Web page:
Published May 29, 2013
You may not have a private jet or a big annual bonus, but that doesn’t mean you can’t apply for a job with a CEO’s mentality.
Career experts say there are lessons that all applicants can learn from top executives when it comes to the job research, application and interview process.
The key to applying like a CEO is to master the balance of confidence and humility when approaching a job, says Jay Millen, co-leader of recruitment firm DHR International’s Board and CEO of Practice Group.
“It’s easy to over portray your skills and strengths,” Millen says. “It’s very important to be an active listener and understand the job you are applying for. Do you homework and due diligence before you apply.”
Here are some more tips from senior recruiters on how to apply for your next job with the mentality of a chief executive officer:
Be Data Driven. All CEOs are heavily reliant on data, says Scott Dobroski, community expert at social jobs site Glassdoor, so know your own stats.
“Know you own metrics, successes over time and how they trend,” Dobroski says. “Within today’s competitive job market, you need at least three data points within a resume to show some traction.”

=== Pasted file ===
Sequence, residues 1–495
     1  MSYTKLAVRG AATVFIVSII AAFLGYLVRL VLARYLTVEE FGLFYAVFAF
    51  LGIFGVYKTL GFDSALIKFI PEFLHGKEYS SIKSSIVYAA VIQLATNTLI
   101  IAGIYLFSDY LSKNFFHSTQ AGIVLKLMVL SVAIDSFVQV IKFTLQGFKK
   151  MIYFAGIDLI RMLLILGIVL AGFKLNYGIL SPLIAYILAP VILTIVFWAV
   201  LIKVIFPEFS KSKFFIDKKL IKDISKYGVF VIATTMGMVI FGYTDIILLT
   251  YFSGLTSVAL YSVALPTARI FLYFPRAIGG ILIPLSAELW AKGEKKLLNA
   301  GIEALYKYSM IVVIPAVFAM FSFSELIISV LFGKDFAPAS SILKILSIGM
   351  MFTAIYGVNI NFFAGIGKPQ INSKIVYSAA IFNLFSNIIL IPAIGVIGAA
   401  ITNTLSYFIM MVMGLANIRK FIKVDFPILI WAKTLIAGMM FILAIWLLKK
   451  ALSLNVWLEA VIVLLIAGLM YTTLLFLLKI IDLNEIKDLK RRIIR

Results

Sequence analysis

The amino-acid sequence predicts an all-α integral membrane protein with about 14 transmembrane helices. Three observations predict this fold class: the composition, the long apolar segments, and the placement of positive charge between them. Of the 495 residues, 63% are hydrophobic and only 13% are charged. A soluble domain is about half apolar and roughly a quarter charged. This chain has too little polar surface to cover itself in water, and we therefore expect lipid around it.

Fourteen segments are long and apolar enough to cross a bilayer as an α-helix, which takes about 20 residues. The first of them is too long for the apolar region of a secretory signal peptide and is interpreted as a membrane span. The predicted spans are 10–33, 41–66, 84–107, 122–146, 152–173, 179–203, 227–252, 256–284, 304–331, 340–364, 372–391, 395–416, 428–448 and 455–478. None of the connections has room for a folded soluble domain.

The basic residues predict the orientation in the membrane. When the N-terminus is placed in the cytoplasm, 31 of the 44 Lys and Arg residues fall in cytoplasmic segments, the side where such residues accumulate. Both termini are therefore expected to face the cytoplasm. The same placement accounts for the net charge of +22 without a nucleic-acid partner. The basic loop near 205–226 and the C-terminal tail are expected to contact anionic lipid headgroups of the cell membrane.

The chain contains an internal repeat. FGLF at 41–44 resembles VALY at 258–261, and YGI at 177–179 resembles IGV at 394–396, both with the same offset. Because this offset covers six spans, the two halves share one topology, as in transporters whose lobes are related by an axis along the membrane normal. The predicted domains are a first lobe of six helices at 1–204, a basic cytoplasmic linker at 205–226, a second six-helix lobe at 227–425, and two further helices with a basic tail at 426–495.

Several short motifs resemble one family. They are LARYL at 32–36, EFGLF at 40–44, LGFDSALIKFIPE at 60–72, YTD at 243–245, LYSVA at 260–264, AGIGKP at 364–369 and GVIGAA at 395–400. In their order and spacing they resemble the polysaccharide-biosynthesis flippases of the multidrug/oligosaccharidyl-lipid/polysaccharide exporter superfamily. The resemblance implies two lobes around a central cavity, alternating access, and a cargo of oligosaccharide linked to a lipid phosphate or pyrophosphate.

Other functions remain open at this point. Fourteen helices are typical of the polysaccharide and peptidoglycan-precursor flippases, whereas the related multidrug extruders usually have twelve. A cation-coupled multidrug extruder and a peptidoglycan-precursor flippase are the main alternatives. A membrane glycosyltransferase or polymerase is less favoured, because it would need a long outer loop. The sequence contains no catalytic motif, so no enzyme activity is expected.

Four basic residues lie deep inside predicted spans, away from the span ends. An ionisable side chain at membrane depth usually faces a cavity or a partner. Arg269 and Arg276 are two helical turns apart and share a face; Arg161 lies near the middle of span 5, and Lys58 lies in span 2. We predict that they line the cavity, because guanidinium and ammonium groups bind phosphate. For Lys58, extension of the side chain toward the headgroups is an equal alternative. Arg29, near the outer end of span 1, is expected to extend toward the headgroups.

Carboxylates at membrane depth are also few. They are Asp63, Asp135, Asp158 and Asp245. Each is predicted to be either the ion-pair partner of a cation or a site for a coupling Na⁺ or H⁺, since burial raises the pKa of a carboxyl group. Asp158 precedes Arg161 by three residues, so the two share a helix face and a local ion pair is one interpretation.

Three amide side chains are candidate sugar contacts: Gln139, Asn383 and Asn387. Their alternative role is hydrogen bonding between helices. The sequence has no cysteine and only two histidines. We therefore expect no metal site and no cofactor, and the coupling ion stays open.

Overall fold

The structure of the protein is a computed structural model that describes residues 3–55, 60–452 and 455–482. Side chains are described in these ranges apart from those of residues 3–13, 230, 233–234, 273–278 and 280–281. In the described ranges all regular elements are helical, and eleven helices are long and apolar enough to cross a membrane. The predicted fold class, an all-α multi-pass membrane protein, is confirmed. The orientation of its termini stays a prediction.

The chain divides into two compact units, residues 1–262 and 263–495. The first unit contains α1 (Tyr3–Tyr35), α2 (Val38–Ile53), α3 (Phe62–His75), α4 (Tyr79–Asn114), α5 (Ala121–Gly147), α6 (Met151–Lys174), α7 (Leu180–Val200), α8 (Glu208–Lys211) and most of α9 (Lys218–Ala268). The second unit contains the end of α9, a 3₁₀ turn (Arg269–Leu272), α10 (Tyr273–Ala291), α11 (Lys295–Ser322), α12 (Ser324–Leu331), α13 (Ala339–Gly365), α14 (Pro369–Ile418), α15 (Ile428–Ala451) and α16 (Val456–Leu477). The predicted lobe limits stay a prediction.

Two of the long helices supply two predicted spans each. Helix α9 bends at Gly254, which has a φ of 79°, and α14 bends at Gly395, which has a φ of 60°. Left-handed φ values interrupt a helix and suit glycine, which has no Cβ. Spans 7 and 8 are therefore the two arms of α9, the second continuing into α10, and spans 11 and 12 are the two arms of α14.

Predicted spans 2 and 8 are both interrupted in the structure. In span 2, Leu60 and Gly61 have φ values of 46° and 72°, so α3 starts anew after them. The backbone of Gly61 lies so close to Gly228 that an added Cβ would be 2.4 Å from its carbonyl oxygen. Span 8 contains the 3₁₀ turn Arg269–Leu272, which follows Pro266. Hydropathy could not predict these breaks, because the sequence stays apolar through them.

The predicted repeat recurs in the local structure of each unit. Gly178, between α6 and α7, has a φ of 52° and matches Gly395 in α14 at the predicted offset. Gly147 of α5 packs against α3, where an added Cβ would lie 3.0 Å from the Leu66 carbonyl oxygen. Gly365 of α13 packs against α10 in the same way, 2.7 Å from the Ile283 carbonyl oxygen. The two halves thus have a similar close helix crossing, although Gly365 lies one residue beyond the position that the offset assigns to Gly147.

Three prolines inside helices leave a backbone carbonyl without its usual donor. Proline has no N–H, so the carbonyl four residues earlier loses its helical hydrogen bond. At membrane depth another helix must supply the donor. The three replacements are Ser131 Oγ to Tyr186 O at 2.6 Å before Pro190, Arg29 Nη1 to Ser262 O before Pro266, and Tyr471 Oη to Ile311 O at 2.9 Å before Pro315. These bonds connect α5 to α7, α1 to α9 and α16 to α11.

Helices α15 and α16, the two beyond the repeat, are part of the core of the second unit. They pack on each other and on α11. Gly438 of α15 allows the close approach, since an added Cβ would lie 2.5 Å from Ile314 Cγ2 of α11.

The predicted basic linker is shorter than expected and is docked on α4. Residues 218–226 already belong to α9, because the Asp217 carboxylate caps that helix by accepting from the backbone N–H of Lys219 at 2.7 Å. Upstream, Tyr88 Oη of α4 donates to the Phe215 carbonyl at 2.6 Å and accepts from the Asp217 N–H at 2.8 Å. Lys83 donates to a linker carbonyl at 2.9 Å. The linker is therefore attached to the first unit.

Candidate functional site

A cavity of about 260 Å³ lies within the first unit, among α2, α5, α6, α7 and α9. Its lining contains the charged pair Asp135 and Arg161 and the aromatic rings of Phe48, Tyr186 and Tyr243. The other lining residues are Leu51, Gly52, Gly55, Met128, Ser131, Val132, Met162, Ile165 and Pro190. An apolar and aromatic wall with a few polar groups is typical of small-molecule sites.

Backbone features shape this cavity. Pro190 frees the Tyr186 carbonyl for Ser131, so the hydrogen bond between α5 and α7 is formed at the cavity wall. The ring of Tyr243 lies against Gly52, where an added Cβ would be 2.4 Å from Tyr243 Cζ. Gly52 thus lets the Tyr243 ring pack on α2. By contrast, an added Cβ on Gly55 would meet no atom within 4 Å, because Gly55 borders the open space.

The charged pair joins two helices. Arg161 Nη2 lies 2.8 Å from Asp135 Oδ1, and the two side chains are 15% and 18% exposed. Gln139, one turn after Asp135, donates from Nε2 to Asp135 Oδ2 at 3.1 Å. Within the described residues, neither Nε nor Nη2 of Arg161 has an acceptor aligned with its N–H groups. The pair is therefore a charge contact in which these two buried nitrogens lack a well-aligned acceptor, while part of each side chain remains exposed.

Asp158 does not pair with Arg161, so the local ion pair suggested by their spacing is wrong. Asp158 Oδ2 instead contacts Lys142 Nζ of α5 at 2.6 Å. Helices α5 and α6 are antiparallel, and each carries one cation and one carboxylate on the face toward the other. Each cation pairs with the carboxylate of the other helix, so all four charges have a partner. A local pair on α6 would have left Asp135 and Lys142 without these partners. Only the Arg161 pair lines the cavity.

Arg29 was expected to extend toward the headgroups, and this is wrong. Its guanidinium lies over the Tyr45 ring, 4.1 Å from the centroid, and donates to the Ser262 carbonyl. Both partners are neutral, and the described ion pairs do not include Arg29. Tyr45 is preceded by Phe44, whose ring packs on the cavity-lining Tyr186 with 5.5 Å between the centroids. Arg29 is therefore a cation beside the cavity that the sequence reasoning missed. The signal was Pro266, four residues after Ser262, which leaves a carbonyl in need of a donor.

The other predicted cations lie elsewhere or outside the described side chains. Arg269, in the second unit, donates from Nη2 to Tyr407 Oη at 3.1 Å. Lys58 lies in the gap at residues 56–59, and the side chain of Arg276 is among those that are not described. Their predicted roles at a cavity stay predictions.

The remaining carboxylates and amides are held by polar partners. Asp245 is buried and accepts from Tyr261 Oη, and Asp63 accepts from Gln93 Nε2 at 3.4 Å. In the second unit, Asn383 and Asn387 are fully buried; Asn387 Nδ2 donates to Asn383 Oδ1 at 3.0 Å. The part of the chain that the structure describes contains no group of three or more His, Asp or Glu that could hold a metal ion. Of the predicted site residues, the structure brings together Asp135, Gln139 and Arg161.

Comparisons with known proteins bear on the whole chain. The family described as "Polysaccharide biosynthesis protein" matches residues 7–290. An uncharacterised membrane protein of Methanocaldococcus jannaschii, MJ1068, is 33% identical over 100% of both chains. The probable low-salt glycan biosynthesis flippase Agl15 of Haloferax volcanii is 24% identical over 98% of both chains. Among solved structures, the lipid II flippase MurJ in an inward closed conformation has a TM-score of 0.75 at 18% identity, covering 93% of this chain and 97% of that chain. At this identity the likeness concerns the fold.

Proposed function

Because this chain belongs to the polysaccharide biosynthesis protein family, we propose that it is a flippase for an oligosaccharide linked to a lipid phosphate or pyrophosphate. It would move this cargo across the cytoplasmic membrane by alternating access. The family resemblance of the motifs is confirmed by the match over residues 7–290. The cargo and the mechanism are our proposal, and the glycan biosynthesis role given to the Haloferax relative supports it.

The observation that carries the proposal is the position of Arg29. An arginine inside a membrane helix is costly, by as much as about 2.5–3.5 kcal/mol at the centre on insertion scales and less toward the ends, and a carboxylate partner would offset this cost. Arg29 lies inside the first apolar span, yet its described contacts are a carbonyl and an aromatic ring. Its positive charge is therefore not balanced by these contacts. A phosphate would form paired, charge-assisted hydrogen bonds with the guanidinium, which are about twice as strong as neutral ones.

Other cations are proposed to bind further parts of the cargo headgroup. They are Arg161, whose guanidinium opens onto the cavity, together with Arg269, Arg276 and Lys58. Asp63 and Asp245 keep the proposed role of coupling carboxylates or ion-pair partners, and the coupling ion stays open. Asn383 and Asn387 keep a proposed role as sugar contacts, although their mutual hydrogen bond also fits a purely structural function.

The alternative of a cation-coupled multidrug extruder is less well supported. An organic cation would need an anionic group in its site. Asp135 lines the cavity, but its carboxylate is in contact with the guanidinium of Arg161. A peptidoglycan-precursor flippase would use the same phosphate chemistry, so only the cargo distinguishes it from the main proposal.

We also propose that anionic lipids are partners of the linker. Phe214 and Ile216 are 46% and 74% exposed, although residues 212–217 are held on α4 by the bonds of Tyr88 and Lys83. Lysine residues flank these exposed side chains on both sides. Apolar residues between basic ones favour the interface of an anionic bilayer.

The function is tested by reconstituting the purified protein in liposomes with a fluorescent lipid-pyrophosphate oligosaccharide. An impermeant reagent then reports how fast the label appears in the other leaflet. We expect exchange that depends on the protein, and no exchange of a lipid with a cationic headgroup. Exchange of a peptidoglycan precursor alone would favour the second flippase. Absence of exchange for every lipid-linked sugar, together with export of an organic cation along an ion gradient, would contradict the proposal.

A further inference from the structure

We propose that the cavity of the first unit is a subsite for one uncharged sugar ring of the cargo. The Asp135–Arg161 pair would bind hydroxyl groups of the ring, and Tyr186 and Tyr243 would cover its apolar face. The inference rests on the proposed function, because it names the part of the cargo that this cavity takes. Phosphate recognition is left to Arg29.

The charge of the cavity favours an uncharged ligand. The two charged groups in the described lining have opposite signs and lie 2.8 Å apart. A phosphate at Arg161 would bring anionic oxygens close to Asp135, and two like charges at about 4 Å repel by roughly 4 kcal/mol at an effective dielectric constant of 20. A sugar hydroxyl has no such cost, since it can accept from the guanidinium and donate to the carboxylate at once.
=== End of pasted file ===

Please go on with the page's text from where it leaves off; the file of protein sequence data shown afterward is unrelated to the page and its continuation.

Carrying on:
Convey passion and personality. Dobroski says these two qualities make the difference between good and bad CEOs, and he says not to shy away from showing your personality and interests on a resume.
“Do your research: If you know your potential new boss is into biking and you are as well, include it on your resume,” he says. “It may entice a hiring manager to pick up the phone if they are on the fence about a candidate. Also use these if they play into your job duties, like leading a kid’s Cub Scout troop or volunteering locally.”
Do your homework. With so much information available online about companies and industries, there is no reason not to know basic facts and current events about an employer before stepping foot into an interview, says Elaina Genser, senior vice president and managing director, Western Region at senior recruitment firm Witt/Kieffer.
“Show sincere interest in the organization and why it attracts you as opposed to you just needing a job,” Genser says. “This says a lot. Also ask questions that ultimately demonstrate your insight into that company. The organization should learn from your insights into them.”
Answer the questions asked of you. Good leaders listen, think and then respond, says Genser, so you should do the same during the interview process.
“Sometimes people just can’t stop talking,” she says. “Answer the questions they ask, and if they want more then you can clarify. Sometimes candidates have canned answers they fire off that are not relevant o what is being asked of them.”